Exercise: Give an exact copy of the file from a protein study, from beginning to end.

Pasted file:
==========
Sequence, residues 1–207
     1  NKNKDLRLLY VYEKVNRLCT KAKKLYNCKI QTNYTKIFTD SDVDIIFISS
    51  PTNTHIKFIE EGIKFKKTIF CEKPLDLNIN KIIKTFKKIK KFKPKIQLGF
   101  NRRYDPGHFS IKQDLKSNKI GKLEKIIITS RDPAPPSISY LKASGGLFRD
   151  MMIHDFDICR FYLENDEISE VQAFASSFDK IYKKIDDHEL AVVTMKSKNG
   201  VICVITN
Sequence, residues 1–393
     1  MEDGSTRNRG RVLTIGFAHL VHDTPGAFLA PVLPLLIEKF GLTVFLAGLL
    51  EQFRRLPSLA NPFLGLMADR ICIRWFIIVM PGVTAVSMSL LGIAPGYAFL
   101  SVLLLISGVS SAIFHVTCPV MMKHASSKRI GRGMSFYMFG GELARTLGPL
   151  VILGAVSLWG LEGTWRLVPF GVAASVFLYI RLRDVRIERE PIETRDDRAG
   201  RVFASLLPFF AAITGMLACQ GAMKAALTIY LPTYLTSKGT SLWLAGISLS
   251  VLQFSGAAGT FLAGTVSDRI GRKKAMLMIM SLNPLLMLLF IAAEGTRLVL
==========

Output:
Sequence, residues 1–207
     1  NKNKDLRLLY VYEKVNRLCT KAKKLYNCKI QTNYTKIFTD SDVDIIFISS
    51  PTNTHIKFIE EGIKFKKTIF CEKPLDLNIN KIIKTFKKIK KFKPKIQLGF
   101  NRRYDPGHFS IKQDLKSNKI GKLEKIIITS RDPAPPSISY LKASGGLFRD
   151  MMIHDFDICR FYLENDEISE VQAFASSFDK IYKKIDDHEL AVVTMKSKNG
   201  VICVITN
Sequence, residues 1–393
     1  MEDGSTRNRG RVLTIGFAHL VHDTPGAFLA PVLPLLIEKF GLTVFLAGLL
    51  EQFRRLPSLA NPFLGLMADR ICIRWFIIVM PGVTAVSMSL LGIAPGYAFL
   101  SVLLLISGVS SAIFHVTCPV MMKHASSKRI GRGMSFYMFG GELARTLGPL
   151  VILGAVSLWG LEGTWRLVPF GVAASVFLYI RLRDVRIERE PIETRDDRAG
   201  RVFASLLPFF AAITGMLACQ GAMKAALTIY LPTYLTSKGT SLWLAGISLS
   251  VLQFSGAAGT FLAGTVSDRI GRKKAMLMIM SLNPLLMLLF IAAEGTRLVL